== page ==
Spotlight to shine again on former ICAC boss
The furore over former graft-buster chief Timothy Tong Hin-ming's corruption case has been almost forgotten in a summer that saw two executive councillors and two political assistants quit over the latest string of political scandals. But it won't take long for Tong to return to the spotlight: the Legislative Council's public accounts committee has almost reached a verdict, after a series of public hearings which uncovered Tong's extravagant spending when he helmed the Independent Commission Against Corruption. "We have exhausted our vocabularies to find the sternest words for the verdict," said one lawmaker compiling the report, expected to be released by October. But the case is hardly over: a Legco select committee will also start inviting witnesses around that time, and the focus is likely to turn to Tong's connection with the liaison office.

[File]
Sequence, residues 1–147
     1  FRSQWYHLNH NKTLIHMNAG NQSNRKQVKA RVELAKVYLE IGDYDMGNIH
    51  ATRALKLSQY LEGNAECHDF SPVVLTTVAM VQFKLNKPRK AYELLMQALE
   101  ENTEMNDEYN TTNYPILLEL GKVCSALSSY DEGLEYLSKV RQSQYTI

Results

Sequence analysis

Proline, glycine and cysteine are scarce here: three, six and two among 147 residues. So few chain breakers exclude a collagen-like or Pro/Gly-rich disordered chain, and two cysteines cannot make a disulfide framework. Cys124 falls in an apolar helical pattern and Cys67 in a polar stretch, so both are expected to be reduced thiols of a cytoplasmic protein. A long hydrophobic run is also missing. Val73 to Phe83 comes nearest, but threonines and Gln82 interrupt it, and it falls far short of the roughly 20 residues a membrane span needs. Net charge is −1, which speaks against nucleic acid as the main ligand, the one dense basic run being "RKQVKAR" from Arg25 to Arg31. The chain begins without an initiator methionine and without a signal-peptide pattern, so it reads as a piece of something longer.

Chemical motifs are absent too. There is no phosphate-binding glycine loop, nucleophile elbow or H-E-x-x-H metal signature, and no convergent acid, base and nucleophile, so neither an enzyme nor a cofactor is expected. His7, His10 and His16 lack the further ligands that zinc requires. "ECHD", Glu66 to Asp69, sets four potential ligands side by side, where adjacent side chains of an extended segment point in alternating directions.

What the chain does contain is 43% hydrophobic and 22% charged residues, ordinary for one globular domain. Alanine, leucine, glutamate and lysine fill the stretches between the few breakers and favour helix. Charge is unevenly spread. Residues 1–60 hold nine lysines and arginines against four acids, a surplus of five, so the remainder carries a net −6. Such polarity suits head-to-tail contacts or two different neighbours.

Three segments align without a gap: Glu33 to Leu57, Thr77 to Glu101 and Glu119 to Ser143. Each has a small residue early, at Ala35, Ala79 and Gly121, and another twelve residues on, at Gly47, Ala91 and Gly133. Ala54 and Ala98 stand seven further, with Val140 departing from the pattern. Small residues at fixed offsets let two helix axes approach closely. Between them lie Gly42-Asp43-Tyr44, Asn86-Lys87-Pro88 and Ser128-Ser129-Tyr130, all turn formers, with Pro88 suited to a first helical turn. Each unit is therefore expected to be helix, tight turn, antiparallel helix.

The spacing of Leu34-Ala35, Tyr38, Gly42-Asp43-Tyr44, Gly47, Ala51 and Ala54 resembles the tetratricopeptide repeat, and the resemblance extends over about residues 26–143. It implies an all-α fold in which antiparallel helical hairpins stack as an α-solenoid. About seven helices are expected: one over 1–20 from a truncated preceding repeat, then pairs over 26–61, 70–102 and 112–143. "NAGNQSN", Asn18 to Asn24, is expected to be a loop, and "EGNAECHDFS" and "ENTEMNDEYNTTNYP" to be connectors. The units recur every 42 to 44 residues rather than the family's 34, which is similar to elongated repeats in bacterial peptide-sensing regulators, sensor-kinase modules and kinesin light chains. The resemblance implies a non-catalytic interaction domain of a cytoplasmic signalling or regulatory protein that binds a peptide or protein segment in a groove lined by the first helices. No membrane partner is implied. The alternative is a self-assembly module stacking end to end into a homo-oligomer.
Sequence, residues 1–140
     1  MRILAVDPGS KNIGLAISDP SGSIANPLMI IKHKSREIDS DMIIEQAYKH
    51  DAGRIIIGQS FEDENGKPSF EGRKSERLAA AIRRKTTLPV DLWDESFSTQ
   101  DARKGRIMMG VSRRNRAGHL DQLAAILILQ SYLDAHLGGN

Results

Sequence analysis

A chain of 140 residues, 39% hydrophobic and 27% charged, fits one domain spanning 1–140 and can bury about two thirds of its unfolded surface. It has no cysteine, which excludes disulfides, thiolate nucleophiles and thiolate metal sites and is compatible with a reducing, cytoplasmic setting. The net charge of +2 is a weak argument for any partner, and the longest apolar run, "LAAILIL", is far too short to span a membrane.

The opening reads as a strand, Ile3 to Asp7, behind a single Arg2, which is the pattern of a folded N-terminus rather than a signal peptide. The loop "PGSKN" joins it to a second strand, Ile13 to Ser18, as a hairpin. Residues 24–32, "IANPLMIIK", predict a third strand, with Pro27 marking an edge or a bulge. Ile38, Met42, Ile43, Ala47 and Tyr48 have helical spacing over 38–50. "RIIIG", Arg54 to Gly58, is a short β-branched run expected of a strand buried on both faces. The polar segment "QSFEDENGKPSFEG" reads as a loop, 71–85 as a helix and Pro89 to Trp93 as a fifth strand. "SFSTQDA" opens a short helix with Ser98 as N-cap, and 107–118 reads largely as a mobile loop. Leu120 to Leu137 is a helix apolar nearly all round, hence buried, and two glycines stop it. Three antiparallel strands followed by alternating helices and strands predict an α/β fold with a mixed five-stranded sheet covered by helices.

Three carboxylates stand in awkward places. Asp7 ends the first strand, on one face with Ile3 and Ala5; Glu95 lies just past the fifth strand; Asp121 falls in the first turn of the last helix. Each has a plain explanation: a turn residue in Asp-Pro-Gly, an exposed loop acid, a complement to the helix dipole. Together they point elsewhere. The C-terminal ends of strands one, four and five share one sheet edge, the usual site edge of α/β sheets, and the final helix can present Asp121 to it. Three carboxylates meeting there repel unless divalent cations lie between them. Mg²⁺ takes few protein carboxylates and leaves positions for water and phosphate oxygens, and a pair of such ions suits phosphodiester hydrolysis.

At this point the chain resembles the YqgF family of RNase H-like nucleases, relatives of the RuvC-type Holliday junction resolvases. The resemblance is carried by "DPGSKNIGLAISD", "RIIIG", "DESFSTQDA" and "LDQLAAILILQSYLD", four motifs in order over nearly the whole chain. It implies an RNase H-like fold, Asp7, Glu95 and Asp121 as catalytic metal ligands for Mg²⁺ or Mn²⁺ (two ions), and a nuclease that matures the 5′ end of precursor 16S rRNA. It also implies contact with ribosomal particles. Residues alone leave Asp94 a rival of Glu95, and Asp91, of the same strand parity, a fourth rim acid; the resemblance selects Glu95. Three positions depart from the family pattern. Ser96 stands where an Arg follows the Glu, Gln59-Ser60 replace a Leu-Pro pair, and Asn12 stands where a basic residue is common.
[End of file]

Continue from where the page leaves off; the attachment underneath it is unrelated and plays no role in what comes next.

Justice secretary charms his peers
Health minister Ko Wing-man may be the most popular top official in the eyes of the public, but it is Secretary for Justice Rimsky Yuen Kwok-keung who is most popular among those within the government, a civil service source has revealed. Yuen, 49, the only bachelor in Chief Executive Leung Chun-ying's cabinet, was well received by his colleagues, "notably those who are not married", the source said. Yuen said he hoped for more laughter in the office. "I find myself fortunate to be able to have open, honest and frank discussions with civil service colleagues," the government legal adviser told the latest Civil Service Newsletter. "But I do notice that colleagues here do not randomly crack jokes like we used to in private practice. It is probably because I am around, but please do so."
Development chief says thank you, not goodbye
The last two weeks were probably the darkest days in development minister Paul Chan Mo-po's political career. He found himself embroiled in a conflict-of-interest scandal, lost his aide in another scandal of the same nature, and then got injured in a car crash. Given the recent spate of bad news for Chan, one might have thought he would have deemed it time to step down. "On the day Chan returned to work after he was discharged from the hospital, he brought us fruit hampers," said a person who works alongside the minister. "We thought it was farewell fruit, but it turned out he was staying. He only wanted to thank us for showing concern about the accident."